Insolvency experts defend 'pre-packs'

THE regional leader of insolvency trade body R3 has defended the use of controversial “pre-pack” administrations, under which failed businesses are immediately sold back to their owners.

THE regional leader of insolvency trade body R3 has defended the use of controversial “pre-pack” administrations, under which failed businesses are immediately sold back to their owners.

Some creditors have expressed anger after being left out-of-pocket by the collapse of a company, only to see its original owners continuing to carry on the same business.

But Laurence Weeks, R3's eastern region chairman and a partner at Cambridge law firm Taylor Vinters, said yesterday that the “pre-pack” option was widely misunderstood and the benefits often overlooked.

His comments came after research conducted by R3 - which represents 97% of the UK's insolvency practitioners - showed that pre-pack administrations offer the best chance to save jobs.


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In 89 pre-pack cases identified in the research among R3 members, 88% of the jobs at risk were saved.

Other key reasons cited by R3 members for undertaking a pre-pack include the opportunity to avoid liquidation and the need for a fast sale, most likely because rumours of financial difficulties would have destroyed what remained of the business.

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Mr Weeks said: “A pre-pack is a deal for the sale of an insolvent company's assets which is set up before the company enters a formal insolvency process.

“The deal will usually have been agreed before the insolvency practitioner is appointed, but will be executed by the insolvency practitioner shortly after appointment.

“They are a misunderstood insolvency tool, the benefits of which are frequently lost in the debate over their perceived impact on creditors. However, independent research shows that pre-packs fare considerably better than alternatives in terms of the retention of jobs and returns to secured creditors.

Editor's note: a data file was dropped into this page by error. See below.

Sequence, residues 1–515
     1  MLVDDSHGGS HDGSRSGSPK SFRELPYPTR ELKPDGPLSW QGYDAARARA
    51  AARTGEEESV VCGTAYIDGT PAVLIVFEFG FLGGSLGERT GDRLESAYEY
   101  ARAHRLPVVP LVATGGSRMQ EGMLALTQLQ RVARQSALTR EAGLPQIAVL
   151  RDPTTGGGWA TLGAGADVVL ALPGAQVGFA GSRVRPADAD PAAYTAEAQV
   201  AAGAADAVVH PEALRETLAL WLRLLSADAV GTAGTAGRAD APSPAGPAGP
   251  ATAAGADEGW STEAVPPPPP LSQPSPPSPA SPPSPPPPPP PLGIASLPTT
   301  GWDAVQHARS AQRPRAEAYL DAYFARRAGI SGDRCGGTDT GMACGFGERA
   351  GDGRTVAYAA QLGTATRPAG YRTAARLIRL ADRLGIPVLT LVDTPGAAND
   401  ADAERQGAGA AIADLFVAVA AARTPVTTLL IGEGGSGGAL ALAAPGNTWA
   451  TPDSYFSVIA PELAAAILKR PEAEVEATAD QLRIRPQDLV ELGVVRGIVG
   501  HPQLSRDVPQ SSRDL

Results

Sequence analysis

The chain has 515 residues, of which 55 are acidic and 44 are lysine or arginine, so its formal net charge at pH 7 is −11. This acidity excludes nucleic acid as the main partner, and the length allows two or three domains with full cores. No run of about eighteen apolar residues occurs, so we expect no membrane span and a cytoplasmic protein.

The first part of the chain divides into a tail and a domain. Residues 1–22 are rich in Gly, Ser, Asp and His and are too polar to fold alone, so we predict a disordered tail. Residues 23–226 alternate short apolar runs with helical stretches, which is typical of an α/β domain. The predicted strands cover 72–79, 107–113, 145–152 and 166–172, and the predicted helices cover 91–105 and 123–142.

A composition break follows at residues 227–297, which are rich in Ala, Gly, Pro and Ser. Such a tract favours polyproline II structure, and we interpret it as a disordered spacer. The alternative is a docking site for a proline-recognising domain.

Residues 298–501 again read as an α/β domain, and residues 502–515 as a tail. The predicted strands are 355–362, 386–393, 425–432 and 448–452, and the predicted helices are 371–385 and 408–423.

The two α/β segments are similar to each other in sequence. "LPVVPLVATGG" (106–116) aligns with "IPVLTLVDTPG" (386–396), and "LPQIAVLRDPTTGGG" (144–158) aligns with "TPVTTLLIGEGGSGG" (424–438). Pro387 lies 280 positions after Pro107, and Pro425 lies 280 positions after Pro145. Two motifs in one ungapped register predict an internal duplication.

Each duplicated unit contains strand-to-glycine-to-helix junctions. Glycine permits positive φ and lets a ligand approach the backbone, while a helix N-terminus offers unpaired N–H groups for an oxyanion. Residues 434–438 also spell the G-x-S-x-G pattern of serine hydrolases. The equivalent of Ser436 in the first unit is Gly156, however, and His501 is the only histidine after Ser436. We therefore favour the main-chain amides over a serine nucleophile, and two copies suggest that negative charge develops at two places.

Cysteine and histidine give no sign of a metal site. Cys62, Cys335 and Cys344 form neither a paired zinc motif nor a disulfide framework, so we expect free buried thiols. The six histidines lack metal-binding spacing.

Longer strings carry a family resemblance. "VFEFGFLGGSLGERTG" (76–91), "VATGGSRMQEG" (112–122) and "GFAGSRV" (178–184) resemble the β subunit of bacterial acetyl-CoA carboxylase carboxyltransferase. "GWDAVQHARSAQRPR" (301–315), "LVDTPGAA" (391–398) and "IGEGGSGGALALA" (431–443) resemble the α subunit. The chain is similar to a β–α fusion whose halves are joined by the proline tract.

“In today's economic climate, with a dearth of buyers and incredibly tight financing, a pre-pack is often the only option left in a large number of cases. Furthermore, the speed with which pre-packs are performed is crucial in maintaining value in a business which would otherwise be diminished once its severe financial difficulties become known to staff and customers.”

In January 2009 the Government's Insolvency Service announced that it would ensure creditors are given sufficient information when a pre-pack is agreed and that it would follow up cases with the regulators if concerns are raised. R3 says its research shows that its members are following the best practice processes for working with creditors, as agreed with the regulators.

Mr Weeks added: “There has never been a recession like the current one. We have not seen the bottom of the market in terms of insolvencies yet, nor are we seeing any significant easing of financing.

“I would therefore urge creditors and the public to give greater recognition to the role of pre-packs in saving jobs and achieving returns for creditors.”

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